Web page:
A comparison of intra-operative cell-saving strategies upon immediate post-operative outcomes after CPB-assisted cardiac procedures

Perfusion. 2008 May;23(3):157-64. doi: 10.1177/0267659108096288.

Abstract

Cardiotomy suction has been associated with adverse outcomes under routine conditions in patients undergoing cardiac surgery with cardiopulmonary bypass (CPB). We hypothesized that the routine use of a cell saver (CS) in place of the cardiotomy sucker would have no negative impact on transfusion rate (TR), chest tube drainage (CTD), ventilation time (VT) or intensive care unit length of stay (ICULOS) while avoiding the detrimental effects of cardiotomy suction. Retrospective data were collected from 69 patients where a cell saver was not used (NCS). Prospective data were collected from 219 patients who were followed after the implementation of an intra-operative cell saver. No significant increase in transfusion rate, chest tube drainage or ventilation time was found between the NCS group and the CS group. However, post-operative hemoglobin concentrations were significantly higher in the CS group (0.0001) and the CS group spent significantly less time in the ICU (p=0.018).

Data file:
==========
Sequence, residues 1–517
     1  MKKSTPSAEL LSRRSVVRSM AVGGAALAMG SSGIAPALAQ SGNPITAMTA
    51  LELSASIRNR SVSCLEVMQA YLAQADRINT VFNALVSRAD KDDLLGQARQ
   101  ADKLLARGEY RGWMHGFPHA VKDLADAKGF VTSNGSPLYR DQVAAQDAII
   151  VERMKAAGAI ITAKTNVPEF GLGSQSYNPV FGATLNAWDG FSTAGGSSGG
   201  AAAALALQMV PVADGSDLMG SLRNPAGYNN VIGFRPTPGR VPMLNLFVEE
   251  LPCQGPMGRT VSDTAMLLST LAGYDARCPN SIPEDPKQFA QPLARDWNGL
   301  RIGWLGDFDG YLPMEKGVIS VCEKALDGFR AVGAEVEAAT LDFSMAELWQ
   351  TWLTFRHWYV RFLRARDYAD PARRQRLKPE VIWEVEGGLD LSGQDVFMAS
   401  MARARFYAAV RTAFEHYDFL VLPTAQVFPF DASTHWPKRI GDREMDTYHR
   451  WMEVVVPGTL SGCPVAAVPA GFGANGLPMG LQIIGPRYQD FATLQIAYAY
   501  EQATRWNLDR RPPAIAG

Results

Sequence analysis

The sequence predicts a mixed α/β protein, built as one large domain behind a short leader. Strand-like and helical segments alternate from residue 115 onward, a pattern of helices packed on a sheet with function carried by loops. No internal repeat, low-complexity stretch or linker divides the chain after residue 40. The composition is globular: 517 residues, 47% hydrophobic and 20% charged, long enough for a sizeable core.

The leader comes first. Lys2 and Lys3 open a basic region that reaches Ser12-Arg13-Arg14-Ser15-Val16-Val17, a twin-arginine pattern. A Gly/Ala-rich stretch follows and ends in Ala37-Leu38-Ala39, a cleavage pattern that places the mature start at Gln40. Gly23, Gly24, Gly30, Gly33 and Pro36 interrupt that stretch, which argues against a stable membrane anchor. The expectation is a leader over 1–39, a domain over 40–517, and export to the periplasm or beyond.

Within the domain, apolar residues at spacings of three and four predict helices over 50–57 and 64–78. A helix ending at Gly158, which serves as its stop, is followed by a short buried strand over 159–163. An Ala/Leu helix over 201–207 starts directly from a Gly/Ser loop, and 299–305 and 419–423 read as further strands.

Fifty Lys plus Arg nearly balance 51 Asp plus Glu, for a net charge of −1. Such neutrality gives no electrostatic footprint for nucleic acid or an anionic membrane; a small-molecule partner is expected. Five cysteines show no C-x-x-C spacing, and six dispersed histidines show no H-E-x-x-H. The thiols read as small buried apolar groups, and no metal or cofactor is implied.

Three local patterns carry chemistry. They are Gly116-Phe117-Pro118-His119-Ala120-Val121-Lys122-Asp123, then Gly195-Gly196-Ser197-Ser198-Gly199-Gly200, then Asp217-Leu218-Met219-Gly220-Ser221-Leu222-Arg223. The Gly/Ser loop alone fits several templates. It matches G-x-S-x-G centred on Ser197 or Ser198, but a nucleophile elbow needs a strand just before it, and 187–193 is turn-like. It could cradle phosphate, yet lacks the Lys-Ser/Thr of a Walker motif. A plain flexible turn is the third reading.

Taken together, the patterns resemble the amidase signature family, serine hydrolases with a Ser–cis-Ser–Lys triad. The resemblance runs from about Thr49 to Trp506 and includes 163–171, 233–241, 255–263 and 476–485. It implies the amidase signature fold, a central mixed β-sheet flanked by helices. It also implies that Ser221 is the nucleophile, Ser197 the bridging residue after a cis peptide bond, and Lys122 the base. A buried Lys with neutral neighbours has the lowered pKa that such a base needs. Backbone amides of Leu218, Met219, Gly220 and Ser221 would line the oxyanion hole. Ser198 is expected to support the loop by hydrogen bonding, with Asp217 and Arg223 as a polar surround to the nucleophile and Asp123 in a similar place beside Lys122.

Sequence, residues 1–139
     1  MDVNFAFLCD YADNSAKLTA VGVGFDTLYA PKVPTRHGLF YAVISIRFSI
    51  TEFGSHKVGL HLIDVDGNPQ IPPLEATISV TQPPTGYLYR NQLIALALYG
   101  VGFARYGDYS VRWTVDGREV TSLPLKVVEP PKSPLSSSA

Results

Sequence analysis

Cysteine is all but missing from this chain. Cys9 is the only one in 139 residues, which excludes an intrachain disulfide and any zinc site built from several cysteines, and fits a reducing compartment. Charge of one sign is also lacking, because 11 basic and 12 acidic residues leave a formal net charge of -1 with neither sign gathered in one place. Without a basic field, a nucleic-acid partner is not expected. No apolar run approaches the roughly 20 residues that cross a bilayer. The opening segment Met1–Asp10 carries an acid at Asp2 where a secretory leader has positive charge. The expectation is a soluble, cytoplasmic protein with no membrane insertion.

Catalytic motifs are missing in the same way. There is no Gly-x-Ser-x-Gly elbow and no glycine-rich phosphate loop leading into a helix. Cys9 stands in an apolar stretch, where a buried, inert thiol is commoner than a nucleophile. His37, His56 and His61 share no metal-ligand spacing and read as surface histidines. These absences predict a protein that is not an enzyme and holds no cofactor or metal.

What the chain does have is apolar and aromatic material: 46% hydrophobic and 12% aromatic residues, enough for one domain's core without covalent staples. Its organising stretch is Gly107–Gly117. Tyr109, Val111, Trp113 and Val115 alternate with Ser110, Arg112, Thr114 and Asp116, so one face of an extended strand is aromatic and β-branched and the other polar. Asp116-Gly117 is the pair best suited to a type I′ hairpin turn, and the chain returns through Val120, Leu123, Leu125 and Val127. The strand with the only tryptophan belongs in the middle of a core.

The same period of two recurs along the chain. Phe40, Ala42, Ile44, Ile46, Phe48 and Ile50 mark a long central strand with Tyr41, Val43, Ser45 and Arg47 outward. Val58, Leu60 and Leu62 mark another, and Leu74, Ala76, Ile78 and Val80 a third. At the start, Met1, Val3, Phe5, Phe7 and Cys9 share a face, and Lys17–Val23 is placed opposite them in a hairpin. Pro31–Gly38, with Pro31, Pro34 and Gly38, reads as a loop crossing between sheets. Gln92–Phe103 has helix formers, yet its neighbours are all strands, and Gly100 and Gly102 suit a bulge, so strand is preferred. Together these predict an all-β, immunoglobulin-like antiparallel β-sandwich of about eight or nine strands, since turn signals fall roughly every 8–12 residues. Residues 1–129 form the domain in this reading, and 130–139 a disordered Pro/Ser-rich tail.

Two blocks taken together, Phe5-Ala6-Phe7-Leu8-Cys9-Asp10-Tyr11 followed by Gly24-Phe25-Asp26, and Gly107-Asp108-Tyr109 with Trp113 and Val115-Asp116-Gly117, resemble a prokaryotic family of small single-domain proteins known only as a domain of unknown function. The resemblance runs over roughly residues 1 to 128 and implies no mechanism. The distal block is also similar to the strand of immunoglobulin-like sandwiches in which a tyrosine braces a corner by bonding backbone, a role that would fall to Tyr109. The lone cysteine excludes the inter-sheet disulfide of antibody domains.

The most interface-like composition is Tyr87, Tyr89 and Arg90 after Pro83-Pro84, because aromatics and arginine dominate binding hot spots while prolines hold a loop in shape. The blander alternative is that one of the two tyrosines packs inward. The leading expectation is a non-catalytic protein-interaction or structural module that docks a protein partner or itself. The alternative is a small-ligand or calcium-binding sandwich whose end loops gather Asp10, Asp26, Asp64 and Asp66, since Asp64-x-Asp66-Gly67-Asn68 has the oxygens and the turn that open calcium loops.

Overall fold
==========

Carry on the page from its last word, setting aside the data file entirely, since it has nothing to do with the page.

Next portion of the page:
Publication types

  • Comparative Study

MeSH terms

  • Aged
  • Blood Transfusion
  • Cardiac Surgical Procedures
  • Cardiopulmonary Bypass*
  • Female
  • Heart Diseases / blood
  • Heart Diseases / surgery*
  • Hemoglobins / analysis
  • Humans
  • Intraoperative Care / methods*
  • Male
  • Middle Aged
  • Postoperative Period
  • Prospective Studies
  • Retrospective Studies
  • Treatment Outcome

Substances

  • Hemoglobins